Epipactis gigantea

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Stream Orchid
Giant helleborine
Epipactis gigantea.jpg
Scientific classification
Kingdom: Plantae
(unranked): Angiosperms
(unranked): Monocots
Order: Asparagales
Family: Orchidaceae
Subfamily: Epidendroideae
Genus: Epipactis
Species: E. gigantea
Binomial name
Epipactis gigantea
Dougl. ex Hook.
Synonyms[1]
  • Amesia gigantea (Douglas ex Hook.) A.Nelson & J.F.Macbr.,
  • Helleborine gigantea (Douglas ex Hook.) Druce
  • Limodorum giganteum (Douglas ex Hook.) Kuntze, illegitimate
  • Peramium giganteum (Douglas ex Hook.) J.M.Coult.
  • Serapias gigantea (Douglas ex Hook.) A.A.Eaton
  • Arthrochilium giganteum (Douglas ex Hook.) Szlach.
  • Epipactis americana Lindl.
  • Epipactis pringlei Gand.
  • Cephalanthera kokanica Regel ex Nevski in V.L.Komarov (ed.)
  • Epipactis gigantea f. rubrifolia P.M.Br.

Epipactis gigantea is a species of orchid known by the common names stream orchid and giant helleborine. This wildflower is native to western North America from British Columbia to central Mexico.[1] This is one of the most abundant orchids of the Pacific coast of North America.[2]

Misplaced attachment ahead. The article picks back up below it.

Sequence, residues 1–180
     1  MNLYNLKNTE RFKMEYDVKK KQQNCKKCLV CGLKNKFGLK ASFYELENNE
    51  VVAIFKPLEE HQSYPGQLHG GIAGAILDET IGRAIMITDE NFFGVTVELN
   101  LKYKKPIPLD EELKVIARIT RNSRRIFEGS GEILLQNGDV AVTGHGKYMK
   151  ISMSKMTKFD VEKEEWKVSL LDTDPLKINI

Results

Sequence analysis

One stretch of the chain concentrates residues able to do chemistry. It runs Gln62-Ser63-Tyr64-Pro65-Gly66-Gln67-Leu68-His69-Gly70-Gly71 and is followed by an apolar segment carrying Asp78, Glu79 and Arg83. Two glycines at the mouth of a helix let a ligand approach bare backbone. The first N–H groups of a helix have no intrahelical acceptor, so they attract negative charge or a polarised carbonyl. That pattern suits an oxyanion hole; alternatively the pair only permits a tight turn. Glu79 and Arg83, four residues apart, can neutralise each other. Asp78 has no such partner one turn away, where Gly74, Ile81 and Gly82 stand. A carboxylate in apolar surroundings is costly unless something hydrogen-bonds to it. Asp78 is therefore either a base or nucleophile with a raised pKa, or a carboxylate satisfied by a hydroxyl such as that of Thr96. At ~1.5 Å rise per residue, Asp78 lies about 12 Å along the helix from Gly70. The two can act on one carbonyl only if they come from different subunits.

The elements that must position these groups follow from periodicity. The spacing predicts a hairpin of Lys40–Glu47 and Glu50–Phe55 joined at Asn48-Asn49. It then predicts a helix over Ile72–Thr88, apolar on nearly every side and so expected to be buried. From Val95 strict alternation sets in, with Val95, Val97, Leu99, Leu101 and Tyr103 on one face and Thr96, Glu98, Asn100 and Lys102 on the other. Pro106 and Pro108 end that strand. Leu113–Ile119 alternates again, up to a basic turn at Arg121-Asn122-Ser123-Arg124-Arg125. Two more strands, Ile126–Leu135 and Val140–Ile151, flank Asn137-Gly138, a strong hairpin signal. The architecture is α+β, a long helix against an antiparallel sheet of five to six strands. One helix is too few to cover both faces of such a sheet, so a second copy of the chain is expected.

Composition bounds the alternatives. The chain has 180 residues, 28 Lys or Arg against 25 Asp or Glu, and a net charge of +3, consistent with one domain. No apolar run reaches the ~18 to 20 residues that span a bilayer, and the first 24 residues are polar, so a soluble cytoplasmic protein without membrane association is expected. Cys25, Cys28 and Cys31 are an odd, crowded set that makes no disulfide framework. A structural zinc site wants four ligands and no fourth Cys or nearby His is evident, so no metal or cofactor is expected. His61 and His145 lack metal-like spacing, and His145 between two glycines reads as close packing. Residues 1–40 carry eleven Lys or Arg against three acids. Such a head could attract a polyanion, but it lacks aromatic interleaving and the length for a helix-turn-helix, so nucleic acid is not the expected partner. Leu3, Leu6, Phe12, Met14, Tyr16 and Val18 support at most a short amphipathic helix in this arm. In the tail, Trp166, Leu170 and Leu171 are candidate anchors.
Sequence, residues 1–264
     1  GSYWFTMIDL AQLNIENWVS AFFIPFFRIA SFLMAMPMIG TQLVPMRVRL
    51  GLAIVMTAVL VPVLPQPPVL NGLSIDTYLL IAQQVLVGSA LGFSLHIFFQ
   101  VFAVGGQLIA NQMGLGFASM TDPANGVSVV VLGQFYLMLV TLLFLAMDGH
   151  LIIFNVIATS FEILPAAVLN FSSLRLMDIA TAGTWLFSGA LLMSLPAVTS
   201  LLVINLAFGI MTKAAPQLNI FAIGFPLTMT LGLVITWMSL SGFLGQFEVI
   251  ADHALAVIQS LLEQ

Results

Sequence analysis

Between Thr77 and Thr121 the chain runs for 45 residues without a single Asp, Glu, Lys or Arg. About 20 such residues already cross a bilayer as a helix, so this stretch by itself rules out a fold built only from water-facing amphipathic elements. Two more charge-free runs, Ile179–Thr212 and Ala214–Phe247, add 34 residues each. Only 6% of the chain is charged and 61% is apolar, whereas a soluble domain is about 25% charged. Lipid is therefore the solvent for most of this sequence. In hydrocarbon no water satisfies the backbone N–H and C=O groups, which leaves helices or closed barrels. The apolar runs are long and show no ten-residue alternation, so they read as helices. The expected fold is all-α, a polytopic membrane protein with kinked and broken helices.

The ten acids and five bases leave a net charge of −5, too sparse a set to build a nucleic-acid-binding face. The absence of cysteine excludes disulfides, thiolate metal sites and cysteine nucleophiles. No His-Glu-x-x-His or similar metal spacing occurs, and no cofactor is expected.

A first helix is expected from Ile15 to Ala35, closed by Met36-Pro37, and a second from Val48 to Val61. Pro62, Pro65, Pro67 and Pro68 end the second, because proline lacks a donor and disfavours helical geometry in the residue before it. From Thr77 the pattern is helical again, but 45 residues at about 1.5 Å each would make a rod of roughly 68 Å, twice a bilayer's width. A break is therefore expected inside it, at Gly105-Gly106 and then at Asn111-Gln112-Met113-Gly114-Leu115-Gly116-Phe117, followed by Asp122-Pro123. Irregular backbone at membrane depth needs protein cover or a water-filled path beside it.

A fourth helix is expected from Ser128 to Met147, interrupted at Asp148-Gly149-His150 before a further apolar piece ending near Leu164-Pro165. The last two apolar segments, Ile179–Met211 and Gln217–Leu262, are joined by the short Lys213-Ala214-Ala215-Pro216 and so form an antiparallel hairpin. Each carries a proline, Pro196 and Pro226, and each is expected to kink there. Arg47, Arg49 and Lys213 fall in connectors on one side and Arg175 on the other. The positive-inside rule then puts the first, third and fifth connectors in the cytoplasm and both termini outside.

Description[edit]

Epipactis gigantea is an erect perennial reaching anywhere from 30 centimeters to one meter in height. Its stems have wide or narrow lance-shaped leaves 5 to 15 centimeters long and inflorescences of two or three showy orchids near the top. Each flower has three straight sepals which are light brownish or greenish with darker veining, each one to two centimeters long. The two top petals are similar in shape and reddish-brown with purple veins. The lowest petal is cup-shaped with a pointed, tongue-like protuberance and is brighter red-brown and more starkly veined, often with areas of yellow. The fruit is a hanging capsule 2 or 3 centimeters long which contains thousands of tiny seeds. This plant grows in wet areas in a variety of habitats, including riverbanks, hot springs, and meadows. Unlike some of its relatives, this species is an autotroph. A distinctive race with burgundy colored foliage is known from The Cedars in Sonoma County California, an area of serpentine rock, and it is called forma rubrifolia (P M Brown).

Cultivation[edit]

Epipactis gigantea is cultivated in the specialty horticulture trade and available as a non-wild collected propagated ornamental plant for: natural landscape, traditional, native plant, and habitat gardens. A maroon leaved (forma rubrifolia) cultivar is also grown, called 'Serpentine Night'.

References[edit]

External links[edit]